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Payroll Taxes

Basics For Filing Employee Payroll Form W-2 for Small Businesses

December 30th, 2015

How to prepare and file W-2, W-3 and W-2C, W-3C correction forms.

A W-2 form is an employee wage and payroll tax statement showing the total earnings and taxes for an employee for the full tax year.  The employer is required to issue W-2 forms to its employees and report the information to the government at the end of the year. The employee uses the W-2 form information to prepare and file his or her individual tax return using a form such as the 1040 to get refunds or pay more taxes.

The W-2 form is basically a summary of all paychecks issued to an employee throughout the year. There are several copies (A, B, C, D, 1, 2) for a W-2 form.  Copy A is reported to the government, copies B, C & 2 are for the employees and copies D & 1 are for the employer and the State as required.

Before the end of January (1/31), an employer is required to mail or distribute the W-2s to its employees. The employer then files the W-2s and a summary W-3 form to the SSA (Social Security Administration) before 2/28. The SSA will process and forward the data to the IRS later. If the employer files the data electronically, the deadline is extended to the end of March. The W-3 form is not needed if the W-2 data is filed electronically instead of by regular mail. The W-3 form is a summary of a batch of W-2s so a company may have multiple W-3s if W-2s were filed in separate batches.

Here are a few small business payroll tips to preparing and file or e-file your W-2 forms correctly.

  • W-2 forms should always have amounts entered in boxes 1-6 for employee payroll gross earnings, federal income tax withheld (could be $0), Social Security wages, Social Security tax, Medicare wages and Medicare tax. Certain non-resident aliens and medical interns may be exempt from the FICA taxes.
  • There is an annual taxable wage maximum for Social Security tax and no limit on Medicare tax. For example, income above $118,500 for tax year 2015 is not taxable for Social Security tax. In other words, the amount in box 3 (Social Security wages) can’t be more than $118,500, regardless of the total earning in box 1. The maximum in box 4 is $7,347 (6.2%) for tax year 2015.
  • If your small business payroll involves tips (a large restaurant, e.g.), you need to understand how to report employee payroll tips correctly on the W-2.
    • Social Security taxable earnings, excluding reported tips, are reported in box 3.  Earnings from tips are reported in box 7; however, box 4 is the total Social Security tax calculated from the sum of box 3 and box 7.
    • If the reported tips are less than 8% of the gross receipts, the IRS may require the employer to allocate tips to applicable employees.  The allocated tips are reported in box 8 and are not taxable for Social Security and Medicare.  However, the employee will pay income taxes on it when filing 1040s.
  • W-2 Form Box 12 is used to report many items and their respective codes.  For example, Affordable Care Act (ACA) requires employers to report the cost of coverage for an employee group health plan using the code DD.  This amount (benefit to the employee) is not taxable at this time.  The reporting is generally required but is not mandatory to smaller businesses (<250 employees) and certain plans (Dental, Vision, COBRA, e.g.).  W-2 Form Box 12 is also used to report IRA, 401K, group term life insurances and other items that could be important to the  employee’s 1040 tax return.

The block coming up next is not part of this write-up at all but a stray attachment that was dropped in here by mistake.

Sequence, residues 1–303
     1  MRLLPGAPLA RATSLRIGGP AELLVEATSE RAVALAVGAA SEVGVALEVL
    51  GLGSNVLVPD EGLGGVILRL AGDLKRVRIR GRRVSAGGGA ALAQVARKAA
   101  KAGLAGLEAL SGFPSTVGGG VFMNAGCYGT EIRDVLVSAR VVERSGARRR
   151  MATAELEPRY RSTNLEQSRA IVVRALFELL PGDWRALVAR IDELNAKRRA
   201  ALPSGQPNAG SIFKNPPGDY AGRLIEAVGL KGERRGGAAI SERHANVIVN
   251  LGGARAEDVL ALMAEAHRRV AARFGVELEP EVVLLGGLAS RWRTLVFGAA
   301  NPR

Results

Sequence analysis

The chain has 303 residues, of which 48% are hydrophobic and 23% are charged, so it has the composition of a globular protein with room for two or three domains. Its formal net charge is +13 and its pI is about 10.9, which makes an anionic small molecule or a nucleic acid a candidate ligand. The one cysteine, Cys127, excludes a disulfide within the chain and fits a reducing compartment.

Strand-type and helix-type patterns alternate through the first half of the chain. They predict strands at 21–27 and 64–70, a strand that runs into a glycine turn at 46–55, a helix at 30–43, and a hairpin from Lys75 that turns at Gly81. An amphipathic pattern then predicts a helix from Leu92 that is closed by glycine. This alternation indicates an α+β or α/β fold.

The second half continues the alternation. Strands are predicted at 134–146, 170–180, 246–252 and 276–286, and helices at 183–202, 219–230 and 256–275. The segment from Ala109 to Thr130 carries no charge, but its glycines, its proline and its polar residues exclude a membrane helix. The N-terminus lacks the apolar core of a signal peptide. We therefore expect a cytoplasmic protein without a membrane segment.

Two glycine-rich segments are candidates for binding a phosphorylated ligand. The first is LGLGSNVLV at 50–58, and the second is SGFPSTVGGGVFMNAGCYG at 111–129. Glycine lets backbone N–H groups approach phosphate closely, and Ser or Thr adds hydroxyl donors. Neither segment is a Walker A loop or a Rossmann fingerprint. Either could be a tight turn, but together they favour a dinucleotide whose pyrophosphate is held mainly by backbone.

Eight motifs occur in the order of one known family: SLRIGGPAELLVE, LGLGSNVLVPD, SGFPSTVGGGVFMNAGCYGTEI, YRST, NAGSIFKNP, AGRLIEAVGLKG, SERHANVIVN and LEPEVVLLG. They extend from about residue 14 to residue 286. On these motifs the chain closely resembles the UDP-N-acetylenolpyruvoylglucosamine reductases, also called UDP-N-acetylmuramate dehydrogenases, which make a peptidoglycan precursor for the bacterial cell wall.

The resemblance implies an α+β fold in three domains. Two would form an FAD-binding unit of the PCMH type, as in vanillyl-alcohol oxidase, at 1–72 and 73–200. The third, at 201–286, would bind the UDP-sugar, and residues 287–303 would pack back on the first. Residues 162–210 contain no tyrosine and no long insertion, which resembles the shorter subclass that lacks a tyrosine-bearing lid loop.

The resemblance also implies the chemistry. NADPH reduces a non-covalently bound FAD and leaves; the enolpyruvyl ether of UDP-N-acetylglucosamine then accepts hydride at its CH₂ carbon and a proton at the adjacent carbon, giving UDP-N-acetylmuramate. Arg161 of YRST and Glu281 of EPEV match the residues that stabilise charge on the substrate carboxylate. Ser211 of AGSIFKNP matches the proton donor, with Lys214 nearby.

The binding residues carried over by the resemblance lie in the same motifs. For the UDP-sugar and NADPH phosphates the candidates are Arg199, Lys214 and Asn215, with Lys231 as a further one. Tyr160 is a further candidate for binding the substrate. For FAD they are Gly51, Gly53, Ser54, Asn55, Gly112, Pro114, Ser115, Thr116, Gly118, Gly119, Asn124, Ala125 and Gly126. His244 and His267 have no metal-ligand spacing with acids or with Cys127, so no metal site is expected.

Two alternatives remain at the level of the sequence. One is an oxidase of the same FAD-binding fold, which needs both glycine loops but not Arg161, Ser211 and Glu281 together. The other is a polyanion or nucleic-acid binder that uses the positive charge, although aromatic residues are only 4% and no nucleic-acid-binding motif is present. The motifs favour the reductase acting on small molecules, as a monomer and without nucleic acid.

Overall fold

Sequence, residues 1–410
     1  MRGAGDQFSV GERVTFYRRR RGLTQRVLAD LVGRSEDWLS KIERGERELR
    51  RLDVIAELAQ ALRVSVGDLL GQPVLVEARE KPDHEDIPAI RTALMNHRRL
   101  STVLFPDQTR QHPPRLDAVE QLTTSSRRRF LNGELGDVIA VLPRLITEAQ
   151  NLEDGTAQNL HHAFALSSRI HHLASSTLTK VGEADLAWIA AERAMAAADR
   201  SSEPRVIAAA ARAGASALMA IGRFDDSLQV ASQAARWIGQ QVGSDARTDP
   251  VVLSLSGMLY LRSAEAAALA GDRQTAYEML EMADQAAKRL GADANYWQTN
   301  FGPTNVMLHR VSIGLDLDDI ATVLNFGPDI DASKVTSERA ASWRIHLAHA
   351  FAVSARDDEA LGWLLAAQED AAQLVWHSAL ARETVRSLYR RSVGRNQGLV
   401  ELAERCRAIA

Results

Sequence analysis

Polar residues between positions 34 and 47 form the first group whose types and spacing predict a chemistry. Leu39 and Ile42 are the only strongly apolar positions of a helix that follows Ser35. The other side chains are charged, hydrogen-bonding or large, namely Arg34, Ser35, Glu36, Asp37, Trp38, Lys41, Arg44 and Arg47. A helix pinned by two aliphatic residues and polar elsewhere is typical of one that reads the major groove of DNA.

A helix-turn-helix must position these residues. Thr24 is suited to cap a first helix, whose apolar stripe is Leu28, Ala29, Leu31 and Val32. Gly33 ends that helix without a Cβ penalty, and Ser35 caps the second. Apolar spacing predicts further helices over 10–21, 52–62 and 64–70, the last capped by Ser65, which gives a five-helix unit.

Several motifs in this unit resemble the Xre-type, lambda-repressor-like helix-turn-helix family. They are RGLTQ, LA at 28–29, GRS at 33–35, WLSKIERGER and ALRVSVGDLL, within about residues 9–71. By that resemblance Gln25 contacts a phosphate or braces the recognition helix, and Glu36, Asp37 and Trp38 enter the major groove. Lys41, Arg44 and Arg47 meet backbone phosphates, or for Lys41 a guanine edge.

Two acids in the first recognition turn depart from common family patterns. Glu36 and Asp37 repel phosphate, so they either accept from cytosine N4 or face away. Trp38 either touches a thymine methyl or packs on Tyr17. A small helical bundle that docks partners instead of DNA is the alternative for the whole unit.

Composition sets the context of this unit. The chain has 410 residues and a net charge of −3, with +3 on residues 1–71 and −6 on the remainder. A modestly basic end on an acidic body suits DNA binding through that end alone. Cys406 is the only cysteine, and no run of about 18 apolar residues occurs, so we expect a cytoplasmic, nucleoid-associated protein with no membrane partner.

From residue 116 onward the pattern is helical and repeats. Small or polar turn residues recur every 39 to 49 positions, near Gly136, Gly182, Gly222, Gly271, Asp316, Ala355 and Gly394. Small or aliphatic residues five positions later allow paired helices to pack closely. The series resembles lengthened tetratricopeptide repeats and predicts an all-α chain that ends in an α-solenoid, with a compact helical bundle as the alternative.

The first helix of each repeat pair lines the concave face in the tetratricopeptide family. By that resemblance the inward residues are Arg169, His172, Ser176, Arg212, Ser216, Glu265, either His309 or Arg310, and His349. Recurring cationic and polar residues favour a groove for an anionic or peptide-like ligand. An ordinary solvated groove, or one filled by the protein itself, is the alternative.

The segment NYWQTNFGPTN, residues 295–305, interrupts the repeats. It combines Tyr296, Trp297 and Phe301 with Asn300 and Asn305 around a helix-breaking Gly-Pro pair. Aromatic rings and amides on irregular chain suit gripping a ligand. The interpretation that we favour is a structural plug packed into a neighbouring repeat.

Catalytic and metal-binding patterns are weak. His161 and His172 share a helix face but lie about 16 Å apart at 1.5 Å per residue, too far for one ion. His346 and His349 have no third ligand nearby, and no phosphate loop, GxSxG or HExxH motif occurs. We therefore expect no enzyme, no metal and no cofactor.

• W-2 Form Box 13, statutory employees include insurance sales agents, sales reps, etc. that are treated as employees, subject to Social Security, Medicare taxes but not federal income tax withholdings. W-2 Form Box 13 is also used to indicate retirement plans and 3rd party sick pay.
  • W-2 Form Box 14 is for misc. items like union dues, united way contributions, state disability insurance and other information that may be useful for the employees.
  • W-2 Form Boxes 15-20 are for State and local income and tax reporting.  Some States require this while others do not need the W-2 information.  For example, California collects DE9C (employee wage and tax) quarterly and does not need the yearend W2s.  Different States may have different deadlines for W-2/W-3 reporting.

How to make W-2 Form corrections. 

W-2C form is used after W-2 forms have been filed to the SSA to correct any information on the wrong W-2.  There is no deadline for W-2C form.  It is prepared and filed as needed.  W-3C is a summary of the W-2Cs that are filed in the batch.  Similarly, W-3C is not required if W-2Cs are filed electronically.

The correction form is used after the W-2 has been filed to the SSA.  It contains the previously reported wrong and the correct information for each of the data fields.  Other than the basic company and employee information, you do not need to enter any business payroll information that you are not correcting.  For example, if the original W-2 Box 1 and 2 are wrong but not box 3-6, you only need to enter the previously reported box 1 & 2 and the correct amounts for box 1 & 2.  Information is reported in pairs.

One last thing to remember is that if you prepare and file W-2C correction, you need to review and confirm the corresponding form 941s and other reports.  All small business payroll records need to reconcile and agree with one another.  The total of all employee form W2s need to equal that of the sum of the four form 941s.

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